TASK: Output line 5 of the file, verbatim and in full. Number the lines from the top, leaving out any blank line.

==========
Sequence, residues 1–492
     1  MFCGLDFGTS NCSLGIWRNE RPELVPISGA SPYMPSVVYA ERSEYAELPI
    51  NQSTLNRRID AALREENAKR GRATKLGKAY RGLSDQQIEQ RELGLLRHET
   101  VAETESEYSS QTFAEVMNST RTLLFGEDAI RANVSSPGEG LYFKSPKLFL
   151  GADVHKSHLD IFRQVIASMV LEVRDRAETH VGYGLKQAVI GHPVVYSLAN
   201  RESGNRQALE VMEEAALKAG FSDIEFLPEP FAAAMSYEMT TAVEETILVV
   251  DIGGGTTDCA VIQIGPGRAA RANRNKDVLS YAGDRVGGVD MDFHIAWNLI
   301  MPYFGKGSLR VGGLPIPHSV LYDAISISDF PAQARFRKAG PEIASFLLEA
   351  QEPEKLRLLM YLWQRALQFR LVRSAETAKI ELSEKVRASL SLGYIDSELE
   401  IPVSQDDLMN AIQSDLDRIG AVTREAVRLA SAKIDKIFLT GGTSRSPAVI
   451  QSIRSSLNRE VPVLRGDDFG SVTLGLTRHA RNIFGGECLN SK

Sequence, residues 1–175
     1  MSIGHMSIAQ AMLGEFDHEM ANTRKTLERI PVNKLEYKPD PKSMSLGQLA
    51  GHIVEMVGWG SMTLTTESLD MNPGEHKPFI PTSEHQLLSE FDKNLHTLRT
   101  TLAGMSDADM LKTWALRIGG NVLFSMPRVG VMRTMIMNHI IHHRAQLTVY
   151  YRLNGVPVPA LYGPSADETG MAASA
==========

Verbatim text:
   151  GADVHKSHLD IFRQVIASMV LEVRDRAETH VGYGLKQAVI GHPVVYSLAN